Political turnover and education quality in Brazil
Teacher and students sit in a public classroom in the city of Pojuca, Brazil.
In governments around the world, when a new party takes power, politically motivated appointments quickly follow. In some countries, only the top chiefs in the core administrative agencies are replaced by the new leaders. But in many others, political appointments extend beyond the top civil service positions.
In a paper in the American Economic Review, authors Mitra Akhtari, Diana Moreira, and Laura Trucco investigated the scope and consequences of politically motivated replacements in Brazil’s municipal governments.
They found that political party turnover in mayoral elections widely reshapes the local bureaucracy. As a result, the disruption harms the quality of public education, one of the primary responsibilities of Brazil's local governments.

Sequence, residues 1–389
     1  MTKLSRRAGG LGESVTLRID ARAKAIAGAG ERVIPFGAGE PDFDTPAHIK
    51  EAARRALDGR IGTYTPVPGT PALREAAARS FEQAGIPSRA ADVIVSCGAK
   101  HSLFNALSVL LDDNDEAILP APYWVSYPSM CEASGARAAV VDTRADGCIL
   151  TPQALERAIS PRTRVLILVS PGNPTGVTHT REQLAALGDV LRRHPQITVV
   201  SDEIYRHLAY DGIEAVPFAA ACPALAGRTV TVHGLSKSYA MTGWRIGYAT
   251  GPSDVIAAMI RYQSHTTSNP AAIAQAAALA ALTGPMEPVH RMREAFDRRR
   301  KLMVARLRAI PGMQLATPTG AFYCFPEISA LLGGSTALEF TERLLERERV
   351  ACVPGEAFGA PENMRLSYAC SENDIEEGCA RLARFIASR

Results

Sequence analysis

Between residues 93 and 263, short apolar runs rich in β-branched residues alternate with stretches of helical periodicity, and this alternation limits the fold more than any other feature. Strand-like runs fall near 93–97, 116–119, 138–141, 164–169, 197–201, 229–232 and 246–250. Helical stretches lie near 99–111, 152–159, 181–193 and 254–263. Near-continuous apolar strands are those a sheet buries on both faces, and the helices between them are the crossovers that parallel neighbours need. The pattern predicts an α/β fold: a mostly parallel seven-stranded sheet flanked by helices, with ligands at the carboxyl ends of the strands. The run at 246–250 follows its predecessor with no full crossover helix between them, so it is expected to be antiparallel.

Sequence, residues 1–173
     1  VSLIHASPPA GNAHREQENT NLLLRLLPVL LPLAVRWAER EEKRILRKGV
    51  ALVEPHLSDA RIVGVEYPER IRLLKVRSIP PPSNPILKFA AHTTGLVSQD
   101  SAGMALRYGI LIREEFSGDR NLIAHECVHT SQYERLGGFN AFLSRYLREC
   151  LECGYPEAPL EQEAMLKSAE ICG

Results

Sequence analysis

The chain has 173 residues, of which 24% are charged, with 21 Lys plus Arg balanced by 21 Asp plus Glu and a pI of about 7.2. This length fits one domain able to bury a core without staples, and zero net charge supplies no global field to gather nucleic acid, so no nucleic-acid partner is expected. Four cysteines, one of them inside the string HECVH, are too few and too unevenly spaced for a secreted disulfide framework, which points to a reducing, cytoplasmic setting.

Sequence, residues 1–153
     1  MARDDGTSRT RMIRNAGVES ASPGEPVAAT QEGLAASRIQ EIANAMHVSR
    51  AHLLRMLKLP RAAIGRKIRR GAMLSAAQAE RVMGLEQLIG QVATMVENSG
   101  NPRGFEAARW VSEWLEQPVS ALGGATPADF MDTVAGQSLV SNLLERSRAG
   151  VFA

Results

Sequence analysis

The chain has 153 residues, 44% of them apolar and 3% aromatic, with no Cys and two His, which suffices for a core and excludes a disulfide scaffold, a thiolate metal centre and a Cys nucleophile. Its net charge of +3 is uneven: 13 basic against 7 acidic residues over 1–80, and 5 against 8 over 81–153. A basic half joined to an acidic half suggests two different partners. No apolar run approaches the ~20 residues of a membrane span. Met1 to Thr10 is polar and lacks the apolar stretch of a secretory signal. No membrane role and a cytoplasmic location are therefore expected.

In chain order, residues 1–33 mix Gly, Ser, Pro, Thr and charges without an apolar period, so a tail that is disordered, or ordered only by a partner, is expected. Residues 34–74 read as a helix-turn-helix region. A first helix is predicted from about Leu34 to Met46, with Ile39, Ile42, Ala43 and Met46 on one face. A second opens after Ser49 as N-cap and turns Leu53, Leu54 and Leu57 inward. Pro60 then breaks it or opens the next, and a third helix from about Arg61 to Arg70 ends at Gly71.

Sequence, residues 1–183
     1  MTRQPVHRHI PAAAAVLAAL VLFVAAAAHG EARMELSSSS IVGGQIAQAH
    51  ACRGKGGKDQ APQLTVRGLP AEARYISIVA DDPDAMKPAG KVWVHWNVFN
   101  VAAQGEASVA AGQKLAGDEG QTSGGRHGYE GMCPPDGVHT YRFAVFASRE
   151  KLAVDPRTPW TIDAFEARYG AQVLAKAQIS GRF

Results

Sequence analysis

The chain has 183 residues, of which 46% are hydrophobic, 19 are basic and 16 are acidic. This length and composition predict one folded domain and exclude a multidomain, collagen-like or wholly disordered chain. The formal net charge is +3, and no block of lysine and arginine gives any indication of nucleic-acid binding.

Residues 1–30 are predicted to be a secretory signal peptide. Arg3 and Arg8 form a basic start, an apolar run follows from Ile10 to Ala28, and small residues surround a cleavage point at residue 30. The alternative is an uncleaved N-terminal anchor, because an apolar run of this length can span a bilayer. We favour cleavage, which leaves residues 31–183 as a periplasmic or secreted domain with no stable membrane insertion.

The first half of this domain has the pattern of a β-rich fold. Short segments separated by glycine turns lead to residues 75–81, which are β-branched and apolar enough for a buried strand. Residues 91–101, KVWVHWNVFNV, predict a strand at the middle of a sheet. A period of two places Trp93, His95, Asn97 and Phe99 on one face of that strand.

Figure 4 from the authors’ paper indicates how much an incumbent party’s loss affected fourth- and eighth-graders one year after a close election.
Figure 4 from Akhtari (2022)
Panel A shows average fourth-grade standardized test scores by the incumbent party's vote margin—defined as the vote share of the incumbent political party minus the vote share of the incumbent party’s strongest opponent. Panel B shows the same for eighth-grade scores.
The chart reveals that test scores for fourth-graders were lower in municipalities where a new political party barely won (right side of the dashed vertical line) compared to municipalities where the incumbent political party barely stayed in power (left side of the dashed vertical line), leading to a discontinuity in the relationship between test score and vote margin. The difference in test scores is roughly 0.08 standard deviations at the discontinuity. The same pattern holds for eighth-grade test scores, with a drop of roughly 0.05 standard deviations.
The researchers’ findings suggest that political turnover can be detrimental to the quality of public services when the municipal bureaucracy is not shielded from the political process.
“Political Turnover, Bureaucratic Turnover, and the Quality of Public Services” appears in the February 2022 issue of the American Economic Review.